Does the Combination of the Cognitive Interventions Improve the Function of Daily Living and Save the Long-Term Care Cost? A Pilot Study of Effectiveness and Cost Saving Analysis of 'Learning Therapy' for People with Dementia

Mitsuhiro Sado, Kei Funaki, Akira Ninomiya, Martin Knapp, Masaru Mimura

Research output: Contribution to journalArticlepeer-review

Abstract

Background: Although the effects of various types of cognitive interventions have been evaluated, effectiveness and cost-saving effect of the combination of the different cognitive interventions is unknown. Objective: This study aimed to evaluate the feasibility of conducting a definitive trial to assess the effectiveness of combined cognitive intervention. Methods: A matched controlled trial of learning therapy (LT), a combination of cognitive training and stimulation, was conducted. The samples were recruited from the nursing homes. Inclusion criteria were as follows: age 65 years or older, clinical diagnosis of dementia, level of activities of daily living at II or above, Mini-Mental State Examination score between 10 and 26, receiving long-term-care services without history of LT, and provision of written consent. The primary outcomes were safety, validity of eligibility, retention rate, and effect on the functions of daily living represented by Criterion Time for Certification of Needed Long-Term-Care (CT for CNLTC) at 12 months. Cost-benefit analysis was also conducted to assess the cost saving effect of LT. Results: No serious adverse events were detected. The exclusion rate at the screening phase was 5% and the retention rate was 77% at 12 months. LT demonstrated statistically significant improvement in CT for CNLTC at 12 months (Δ=18.8, almost equivalent to 'one' degree of the care needed level) and saved the long-term-care cost by JPY 200,000 (USD 1,618). Conclusions: LT is effective for improving care recipients' level of care needed and has a cost saving effect. A randomized controlled trial is required to verify these findings. Clinical Trial Registration: This study was approved by the ethics committee at Keio University School of Medicine (ID: 20150061). This trial was registered at University hospital Medical Information Network Clinical Trial Registry (UMIN-CTR ID: UMIN000018223).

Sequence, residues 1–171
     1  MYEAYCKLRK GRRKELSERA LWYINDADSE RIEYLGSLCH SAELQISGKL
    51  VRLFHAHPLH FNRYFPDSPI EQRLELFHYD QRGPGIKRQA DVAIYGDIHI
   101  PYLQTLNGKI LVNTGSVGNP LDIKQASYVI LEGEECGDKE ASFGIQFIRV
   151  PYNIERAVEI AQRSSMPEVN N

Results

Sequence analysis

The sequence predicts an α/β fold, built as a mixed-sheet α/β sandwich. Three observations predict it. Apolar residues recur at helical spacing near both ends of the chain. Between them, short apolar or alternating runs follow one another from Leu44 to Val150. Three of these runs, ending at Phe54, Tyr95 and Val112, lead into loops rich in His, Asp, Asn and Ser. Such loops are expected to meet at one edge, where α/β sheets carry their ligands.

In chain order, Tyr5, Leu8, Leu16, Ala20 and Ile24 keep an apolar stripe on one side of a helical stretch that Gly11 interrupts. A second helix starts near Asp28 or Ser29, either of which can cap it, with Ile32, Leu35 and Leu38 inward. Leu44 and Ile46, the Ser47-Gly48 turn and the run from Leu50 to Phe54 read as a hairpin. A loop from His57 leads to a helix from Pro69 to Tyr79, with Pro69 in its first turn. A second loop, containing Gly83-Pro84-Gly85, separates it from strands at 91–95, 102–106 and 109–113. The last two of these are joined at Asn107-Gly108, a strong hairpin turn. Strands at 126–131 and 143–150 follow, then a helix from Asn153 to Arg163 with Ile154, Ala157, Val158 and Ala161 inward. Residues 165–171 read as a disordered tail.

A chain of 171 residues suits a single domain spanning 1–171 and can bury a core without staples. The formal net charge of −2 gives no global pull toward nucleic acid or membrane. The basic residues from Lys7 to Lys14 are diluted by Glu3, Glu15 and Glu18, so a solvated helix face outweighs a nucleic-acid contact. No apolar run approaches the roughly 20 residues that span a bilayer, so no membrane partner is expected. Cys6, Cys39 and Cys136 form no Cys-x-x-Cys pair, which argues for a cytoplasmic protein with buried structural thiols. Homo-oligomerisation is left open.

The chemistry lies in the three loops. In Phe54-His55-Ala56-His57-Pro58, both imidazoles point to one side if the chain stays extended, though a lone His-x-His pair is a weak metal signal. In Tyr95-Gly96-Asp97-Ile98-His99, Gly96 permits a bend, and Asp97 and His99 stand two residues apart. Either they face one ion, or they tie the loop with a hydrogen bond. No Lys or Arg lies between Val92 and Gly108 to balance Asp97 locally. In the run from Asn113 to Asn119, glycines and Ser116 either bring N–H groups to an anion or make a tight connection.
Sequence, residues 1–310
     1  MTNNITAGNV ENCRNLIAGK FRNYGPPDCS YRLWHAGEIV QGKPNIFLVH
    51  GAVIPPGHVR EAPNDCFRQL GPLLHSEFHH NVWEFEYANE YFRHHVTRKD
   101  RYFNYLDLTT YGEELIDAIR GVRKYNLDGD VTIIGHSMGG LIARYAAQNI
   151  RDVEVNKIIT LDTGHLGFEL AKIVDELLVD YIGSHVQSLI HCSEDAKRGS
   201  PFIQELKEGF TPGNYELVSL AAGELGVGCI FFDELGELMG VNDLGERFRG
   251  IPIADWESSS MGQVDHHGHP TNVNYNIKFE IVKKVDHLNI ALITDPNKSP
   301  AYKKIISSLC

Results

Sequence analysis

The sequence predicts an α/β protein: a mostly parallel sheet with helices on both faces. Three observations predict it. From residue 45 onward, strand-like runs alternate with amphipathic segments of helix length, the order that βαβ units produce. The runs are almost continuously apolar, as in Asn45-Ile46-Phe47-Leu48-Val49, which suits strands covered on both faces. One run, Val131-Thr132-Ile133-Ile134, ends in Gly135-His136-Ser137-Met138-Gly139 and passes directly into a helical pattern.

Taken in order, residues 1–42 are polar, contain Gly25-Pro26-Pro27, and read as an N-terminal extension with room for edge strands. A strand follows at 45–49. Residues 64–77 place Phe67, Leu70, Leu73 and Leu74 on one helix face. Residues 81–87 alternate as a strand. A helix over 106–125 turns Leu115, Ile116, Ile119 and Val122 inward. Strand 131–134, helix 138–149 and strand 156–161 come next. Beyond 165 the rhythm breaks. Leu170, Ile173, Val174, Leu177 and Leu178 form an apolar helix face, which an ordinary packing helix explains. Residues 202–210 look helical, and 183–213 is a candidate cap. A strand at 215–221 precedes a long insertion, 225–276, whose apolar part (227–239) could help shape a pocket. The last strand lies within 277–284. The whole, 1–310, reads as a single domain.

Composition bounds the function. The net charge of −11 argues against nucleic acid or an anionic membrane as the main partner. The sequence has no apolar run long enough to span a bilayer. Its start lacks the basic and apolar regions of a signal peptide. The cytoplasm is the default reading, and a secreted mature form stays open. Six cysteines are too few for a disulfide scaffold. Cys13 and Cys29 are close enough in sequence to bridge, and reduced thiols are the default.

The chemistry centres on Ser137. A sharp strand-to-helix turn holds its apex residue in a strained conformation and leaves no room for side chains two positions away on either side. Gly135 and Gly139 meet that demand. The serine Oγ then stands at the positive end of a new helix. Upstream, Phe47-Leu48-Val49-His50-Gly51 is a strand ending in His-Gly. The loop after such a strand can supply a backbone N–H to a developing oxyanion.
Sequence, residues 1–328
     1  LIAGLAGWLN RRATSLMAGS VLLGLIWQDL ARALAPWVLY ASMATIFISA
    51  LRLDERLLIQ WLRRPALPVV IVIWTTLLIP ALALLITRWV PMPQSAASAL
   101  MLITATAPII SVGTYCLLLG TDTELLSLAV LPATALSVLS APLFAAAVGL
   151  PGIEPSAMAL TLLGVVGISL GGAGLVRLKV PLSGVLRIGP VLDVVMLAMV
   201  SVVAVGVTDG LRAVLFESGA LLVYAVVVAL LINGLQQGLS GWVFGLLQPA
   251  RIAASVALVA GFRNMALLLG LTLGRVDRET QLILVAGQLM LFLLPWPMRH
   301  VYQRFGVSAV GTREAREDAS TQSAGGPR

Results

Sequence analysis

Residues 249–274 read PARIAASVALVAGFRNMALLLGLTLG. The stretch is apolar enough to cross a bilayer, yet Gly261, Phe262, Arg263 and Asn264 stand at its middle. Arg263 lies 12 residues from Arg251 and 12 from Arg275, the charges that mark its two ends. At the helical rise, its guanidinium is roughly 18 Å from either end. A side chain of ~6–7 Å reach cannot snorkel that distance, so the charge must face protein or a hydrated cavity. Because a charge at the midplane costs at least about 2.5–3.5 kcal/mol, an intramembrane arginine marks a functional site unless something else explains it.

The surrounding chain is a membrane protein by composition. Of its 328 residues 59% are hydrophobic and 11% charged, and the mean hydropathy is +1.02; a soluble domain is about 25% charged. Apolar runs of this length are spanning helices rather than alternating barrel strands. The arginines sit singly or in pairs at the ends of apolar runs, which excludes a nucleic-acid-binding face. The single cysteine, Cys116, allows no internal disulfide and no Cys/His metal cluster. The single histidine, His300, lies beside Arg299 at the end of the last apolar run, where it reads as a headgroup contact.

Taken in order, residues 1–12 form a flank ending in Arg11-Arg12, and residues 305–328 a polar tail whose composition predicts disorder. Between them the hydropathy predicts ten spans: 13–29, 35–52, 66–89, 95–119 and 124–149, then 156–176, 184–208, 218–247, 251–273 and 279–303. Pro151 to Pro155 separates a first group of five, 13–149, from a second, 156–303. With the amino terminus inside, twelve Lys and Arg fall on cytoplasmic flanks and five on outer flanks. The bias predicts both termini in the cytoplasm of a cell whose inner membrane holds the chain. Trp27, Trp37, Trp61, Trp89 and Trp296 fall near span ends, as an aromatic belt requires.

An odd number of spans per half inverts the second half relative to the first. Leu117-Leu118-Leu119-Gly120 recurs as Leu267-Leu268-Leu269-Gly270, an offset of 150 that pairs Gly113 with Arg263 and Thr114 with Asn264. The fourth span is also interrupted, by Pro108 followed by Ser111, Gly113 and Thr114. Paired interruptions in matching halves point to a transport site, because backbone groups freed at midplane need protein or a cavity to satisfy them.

Original languageEnglish
Pages (from-to)775-784
Number of pages10
JournalJournal of Alzheimer's Disease
Volume74
Issue number3
DOIs
Publication statusPublished - 2020 Jan 1

Keywords

  • Activities of daily living
  • cognitive training
  • cost-benefit analysis
  • dementia
  • long term care

ASJC Scopus subject areas

  • Neuroscience(all)
  • Clinical Psychology
  • Geriatrics and Gerontology
  • Psychiatry and Mental health

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